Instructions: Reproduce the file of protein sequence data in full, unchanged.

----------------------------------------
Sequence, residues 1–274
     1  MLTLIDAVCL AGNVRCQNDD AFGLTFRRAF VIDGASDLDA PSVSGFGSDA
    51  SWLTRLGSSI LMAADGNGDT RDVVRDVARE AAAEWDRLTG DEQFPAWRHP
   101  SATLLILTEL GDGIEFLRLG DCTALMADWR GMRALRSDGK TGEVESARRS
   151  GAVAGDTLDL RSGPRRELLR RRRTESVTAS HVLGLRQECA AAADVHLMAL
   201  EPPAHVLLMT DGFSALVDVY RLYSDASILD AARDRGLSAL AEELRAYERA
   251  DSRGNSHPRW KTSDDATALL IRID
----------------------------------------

Sequence, residues 1–274
     1  MLTLIDAVCL AGNVRCQNDD AFGLTFRRAF VIDGASDLDA PSVSGFGSDA
    51  SWLTRLGSSI LMAADGNGDT RDVVRDVARE AAAEWDRLTG DEQFPAWRHP
   101  SATLLILTEL GDGIEFLRLG DCTALMADWR GMRALRSDGK TGEVESARRS
   151  GAVAGDTLDL RSGPRRELLR RRRTESVTAS HVLGLRQECA AAADVHLMAL
   201  EPPAHVLLMT DGFSALVDVY RLYSDASILD AARDRGLSAL AEELRAYERA
   251  DSRGNSHPRW KTSDDATALL IRID